The film is brilliant. At one point (if you’ve seen it you will know the part I mean) I genuinely believed that Disney Pixar were going to give up their tradition, if you will, of happy endings and actually allow a tragedy to befall the characters, destroying the belief system of all viewers who can relax whilst watching Disney films, safe in the knowledge that they will have a happy ending. Nonetheless, in this particular case, disaster was averted, and in spite of a rather drawn out (and somewhat tear jerking) ending, the film was thoroughly enjoyable and exceeded expectations. I only hope that Disney Pixar do not try to draw it out any further by opening another chapter in the lives of the toys. Let a good thing lie!

Do holidaying habits relate to your ability to work?

It cannot be denied that the job market is becoming more competitive as a result of the economic climate, and consequently job interviews are becoming increasingly tougher. Yet I was shocked when I heard of some of the questions asked at interviews for sales assistants at a new shop in my town. The shop will remain nameless, but suffice to say it is a well known chain store worshipped by the young and naive on the loose with daddy’s credit card and a penchant for pink and navy stripes. The sorts of questions being asked included ‘What do your parents do for a living?’, ‘Did your parents go to university?’ and even ‘Where do you usually go on holiday?’ It cannot be denied that interviewers often ask questions such as the latter as an icebreaker, to relax candidates at the start of an interview, and perhaps it is important to match the staff to the clientele of the store, but surely none of this information is relevant to a candidate’s ability to serve customers to a high standard? Several people refused their interview after hearing the sorts of questions being asked, for fear of being rejected due to their holidaying habits rather than their qualifications or ability to do the job.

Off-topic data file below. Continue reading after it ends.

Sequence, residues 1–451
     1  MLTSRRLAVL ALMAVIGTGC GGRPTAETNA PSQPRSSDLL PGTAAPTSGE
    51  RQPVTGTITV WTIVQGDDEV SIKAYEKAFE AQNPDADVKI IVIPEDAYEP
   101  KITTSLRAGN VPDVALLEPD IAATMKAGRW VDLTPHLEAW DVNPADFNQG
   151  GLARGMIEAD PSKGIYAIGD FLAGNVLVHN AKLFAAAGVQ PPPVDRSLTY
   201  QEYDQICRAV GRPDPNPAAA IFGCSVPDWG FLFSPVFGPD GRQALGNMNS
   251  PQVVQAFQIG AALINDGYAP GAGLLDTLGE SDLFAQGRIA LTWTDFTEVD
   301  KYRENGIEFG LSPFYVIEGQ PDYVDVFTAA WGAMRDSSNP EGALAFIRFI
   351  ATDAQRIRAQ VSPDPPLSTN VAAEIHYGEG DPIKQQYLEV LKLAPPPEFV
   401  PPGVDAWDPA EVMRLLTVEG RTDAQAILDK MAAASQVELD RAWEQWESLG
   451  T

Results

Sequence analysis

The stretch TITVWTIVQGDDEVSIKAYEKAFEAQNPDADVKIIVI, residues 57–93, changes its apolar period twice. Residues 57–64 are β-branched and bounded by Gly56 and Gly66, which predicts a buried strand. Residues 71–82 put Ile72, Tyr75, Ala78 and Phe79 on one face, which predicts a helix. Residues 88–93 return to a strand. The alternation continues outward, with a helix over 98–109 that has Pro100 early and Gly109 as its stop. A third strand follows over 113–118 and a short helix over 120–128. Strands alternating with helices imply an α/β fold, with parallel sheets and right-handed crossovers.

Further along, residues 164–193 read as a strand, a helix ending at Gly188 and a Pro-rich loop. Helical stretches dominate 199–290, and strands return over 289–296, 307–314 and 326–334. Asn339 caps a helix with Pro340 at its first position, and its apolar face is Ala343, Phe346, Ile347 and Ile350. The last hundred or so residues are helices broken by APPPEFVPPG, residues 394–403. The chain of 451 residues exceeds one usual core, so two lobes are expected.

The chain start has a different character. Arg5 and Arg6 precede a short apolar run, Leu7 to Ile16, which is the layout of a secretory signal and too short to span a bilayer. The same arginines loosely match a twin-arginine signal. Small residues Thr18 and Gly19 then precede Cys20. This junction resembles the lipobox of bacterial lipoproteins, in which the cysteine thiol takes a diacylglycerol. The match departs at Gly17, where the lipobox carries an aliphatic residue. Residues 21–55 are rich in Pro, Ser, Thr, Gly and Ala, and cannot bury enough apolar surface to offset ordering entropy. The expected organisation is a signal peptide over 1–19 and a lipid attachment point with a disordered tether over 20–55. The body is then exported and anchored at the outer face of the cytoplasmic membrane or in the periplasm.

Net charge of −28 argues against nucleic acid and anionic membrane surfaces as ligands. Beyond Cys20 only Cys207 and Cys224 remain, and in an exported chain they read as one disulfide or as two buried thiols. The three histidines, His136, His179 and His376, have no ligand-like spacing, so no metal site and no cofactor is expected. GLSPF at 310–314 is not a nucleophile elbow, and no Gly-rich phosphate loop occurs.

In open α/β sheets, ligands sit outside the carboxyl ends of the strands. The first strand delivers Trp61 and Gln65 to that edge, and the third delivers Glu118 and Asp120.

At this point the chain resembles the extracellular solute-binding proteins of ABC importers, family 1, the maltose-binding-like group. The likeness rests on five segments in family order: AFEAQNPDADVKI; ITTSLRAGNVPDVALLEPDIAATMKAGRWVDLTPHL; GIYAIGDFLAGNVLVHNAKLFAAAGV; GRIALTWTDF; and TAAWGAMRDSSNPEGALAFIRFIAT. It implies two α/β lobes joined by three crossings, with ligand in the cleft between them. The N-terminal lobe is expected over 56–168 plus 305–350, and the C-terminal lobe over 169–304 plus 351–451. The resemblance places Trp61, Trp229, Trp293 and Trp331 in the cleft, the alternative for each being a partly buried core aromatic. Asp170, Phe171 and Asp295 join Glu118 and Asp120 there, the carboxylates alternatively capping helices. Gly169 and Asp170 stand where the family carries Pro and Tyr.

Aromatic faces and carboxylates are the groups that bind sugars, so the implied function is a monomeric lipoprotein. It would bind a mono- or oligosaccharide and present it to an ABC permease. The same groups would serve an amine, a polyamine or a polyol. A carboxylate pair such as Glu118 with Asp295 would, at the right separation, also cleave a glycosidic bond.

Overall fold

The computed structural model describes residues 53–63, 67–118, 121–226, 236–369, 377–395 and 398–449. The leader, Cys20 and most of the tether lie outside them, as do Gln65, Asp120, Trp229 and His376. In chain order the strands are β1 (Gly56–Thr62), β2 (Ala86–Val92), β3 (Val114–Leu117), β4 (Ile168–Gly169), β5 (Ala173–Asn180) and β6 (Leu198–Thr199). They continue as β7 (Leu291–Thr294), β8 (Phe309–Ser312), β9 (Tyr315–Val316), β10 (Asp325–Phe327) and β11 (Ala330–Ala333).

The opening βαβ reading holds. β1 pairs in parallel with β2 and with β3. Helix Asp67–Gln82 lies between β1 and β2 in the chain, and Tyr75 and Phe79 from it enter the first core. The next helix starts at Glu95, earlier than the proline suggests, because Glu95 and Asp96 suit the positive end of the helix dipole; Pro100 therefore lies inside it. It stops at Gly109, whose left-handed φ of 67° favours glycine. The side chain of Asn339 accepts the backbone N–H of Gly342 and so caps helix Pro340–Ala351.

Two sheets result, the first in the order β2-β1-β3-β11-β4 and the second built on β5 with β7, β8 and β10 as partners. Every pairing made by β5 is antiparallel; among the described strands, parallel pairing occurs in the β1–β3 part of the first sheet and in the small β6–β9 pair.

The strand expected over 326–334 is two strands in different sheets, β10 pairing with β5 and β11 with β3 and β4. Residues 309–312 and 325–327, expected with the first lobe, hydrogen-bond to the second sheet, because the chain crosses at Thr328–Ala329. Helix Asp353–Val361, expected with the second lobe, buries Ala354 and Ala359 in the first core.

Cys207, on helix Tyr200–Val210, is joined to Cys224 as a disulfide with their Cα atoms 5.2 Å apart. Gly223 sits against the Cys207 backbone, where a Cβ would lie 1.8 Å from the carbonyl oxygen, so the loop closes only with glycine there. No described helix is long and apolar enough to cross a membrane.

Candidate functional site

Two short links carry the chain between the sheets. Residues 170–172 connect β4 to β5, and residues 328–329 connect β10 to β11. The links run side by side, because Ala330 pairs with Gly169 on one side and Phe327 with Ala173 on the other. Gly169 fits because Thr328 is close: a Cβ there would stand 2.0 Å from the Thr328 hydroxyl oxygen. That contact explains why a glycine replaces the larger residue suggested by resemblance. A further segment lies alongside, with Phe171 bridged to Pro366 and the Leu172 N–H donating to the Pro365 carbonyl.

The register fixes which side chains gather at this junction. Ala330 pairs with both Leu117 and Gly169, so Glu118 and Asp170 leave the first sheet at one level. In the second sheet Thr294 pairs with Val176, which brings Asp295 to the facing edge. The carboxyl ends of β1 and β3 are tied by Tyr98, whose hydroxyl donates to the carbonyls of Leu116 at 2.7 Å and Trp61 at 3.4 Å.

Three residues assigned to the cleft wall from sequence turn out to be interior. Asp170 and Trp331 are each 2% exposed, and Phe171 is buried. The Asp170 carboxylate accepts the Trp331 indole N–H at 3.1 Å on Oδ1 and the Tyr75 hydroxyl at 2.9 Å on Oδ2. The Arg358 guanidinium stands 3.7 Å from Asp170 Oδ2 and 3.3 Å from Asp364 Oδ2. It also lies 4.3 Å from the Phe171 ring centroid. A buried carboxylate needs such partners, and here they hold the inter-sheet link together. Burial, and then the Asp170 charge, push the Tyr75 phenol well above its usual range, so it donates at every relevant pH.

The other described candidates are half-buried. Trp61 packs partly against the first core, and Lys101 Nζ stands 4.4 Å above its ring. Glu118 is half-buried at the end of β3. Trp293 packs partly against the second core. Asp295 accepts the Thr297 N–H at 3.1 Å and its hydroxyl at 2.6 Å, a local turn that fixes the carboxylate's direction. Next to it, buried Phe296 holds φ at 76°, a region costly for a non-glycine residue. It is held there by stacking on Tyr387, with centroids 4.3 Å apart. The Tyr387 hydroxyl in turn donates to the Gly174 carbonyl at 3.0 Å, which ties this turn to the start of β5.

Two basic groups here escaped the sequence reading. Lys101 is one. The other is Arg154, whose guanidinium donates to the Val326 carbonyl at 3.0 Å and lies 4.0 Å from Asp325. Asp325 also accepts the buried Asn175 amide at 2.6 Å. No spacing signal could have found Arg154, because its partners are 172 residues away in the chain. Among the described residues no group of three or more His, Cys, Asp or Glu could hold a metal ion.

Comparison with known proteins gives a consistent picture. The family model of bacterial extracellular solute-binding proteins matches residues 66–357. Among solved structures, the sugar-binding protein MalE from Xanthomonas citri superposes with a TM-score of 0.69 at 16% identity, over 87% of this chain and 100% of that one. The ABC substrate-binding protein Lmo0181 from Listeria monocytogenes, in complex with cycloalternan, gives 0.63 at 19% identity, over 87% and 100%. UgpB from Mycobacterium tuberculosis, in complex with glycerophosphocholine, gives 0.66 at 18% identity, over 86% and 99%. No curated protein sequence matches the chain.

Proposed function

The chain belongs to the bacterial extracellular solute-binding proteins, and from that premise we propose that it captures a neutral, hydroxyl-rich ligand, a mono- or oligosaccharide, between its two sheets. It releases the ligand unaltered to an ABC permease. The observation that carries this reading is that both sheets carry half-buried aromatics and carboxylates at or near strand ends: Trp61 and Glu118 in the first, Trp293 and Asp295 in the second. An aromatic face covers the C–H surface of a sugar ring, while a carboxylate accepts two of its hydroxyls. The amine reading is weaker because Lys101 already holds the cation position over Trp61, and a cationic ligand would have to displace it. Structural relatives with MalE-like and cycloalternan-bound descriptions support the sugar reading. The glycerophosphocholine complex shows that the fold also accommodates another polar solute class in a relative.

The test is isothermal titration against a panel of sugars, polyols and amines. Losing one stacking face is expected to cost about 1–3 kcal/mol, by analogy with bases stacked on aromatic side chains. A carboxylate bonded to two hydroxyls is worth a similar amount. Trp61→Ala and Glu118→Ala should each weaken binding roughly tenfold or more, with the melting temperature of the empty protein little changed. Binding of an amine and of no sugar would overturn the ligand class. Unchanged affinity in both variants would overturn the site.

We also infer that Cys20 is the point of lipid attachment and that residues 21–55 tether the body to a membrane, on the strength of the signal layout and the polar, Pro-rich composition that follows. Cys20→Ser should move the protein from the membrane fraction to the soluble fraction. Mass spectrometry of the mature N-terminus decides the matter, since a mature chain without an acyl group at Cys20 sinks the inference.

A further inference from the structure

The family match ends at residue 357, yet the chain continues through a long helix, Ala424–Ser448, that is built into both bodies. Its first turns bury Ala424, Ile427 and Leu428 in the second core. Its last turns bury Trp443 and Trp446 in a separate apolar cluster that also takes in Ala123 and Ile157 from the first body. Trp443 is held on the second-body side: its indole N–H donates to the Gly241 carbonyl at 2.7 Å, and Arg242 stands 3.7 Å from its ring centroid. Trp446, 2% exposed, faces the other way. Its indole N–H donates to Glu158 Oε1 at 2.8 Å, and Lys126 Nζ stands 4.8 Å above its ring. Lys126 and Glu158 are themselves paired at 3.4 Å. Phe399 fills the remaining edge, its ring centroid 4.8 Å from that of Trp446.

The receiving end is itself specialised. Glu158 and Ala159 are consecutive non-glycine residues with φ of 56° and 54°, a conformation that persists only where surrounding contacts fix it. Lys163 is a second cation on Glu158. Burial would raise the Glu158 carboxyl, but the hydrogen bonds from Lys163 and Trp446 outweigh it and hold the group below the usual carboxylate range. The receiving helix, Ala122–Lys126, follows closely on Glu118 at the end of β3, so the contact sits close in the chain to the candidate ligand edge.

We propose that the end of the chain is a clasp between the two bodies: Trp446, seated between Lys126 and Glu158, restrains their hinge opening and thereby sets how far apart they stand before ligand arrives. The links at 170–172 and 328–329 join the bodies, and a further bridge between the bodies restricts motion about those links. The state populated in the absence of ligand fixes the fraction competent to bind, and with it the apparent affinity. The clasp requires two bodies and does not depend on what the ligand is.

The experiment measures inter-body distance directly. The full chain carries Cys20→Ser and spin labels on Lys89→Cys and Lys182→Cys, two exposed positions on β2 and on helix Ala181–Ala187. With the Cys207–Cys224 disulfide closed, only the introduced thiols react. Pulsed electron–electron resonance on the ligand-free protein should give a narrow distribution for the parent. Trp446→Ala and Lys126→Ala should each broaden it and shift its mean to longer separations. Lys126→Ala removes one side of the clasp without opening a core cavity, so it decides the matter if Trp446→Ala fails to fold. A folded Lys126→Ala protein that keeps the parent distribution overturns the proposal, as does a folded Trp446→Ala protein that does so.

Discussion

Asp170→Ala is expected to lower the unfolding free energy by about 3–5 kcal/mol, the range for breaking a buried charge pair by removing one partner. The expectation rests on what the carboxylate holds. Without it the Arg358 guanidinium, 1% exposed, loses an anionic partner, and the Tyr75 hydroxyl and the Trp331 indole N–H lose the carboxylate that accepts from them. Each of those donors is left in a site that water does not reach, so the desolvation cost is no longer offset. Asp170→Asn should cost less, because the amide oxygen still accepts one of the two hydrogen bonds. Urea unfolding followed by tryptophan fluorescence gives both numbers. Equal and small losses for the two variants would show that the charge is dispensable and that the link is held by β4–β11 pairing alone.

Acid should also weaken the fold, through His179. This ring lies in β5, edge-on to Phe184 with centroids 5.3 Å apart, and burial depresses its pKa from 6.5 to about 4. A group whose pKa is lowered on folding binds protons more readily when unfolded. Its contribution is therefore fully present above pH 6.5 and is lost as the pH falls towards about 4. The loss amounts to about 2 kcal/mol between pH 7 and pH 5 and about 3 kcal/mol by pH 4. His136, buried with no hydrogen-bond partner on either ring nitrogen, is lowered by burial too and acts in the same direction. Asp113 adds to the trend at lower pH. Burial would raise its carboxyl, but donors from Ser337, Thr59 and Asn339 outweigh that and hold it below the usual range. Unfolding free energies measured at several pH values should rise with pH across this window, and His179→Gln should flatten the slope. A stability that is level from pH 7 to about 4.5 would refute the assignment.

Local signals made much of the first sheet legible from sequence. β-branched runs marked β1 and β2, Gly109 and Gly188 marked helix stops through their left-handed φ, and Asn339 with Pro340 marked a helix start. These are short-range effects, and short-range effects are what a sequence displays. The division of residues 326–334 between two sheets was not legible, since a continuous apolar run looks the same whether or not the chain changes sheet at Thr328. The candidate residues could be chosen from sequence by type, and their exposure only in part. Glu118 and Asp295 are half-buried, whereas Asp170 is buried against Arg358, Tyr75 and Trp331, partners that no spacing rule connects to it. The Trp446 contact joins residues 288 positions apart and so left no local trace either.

Wednesday, 25 August 2010

The Great British Weather...

Whilst I wait for inspiration to strike, I feel that there is no better place to start my blog than a typical English rant about the Great British Weather (Whilst I do not intend this blog to be a series of whining posts about one thing and another, I feel that as a true Brit, a rant about the weather is inevitable some point along the line, and it is better to get it out of the way sooner rather than later and move on to more interesting things!)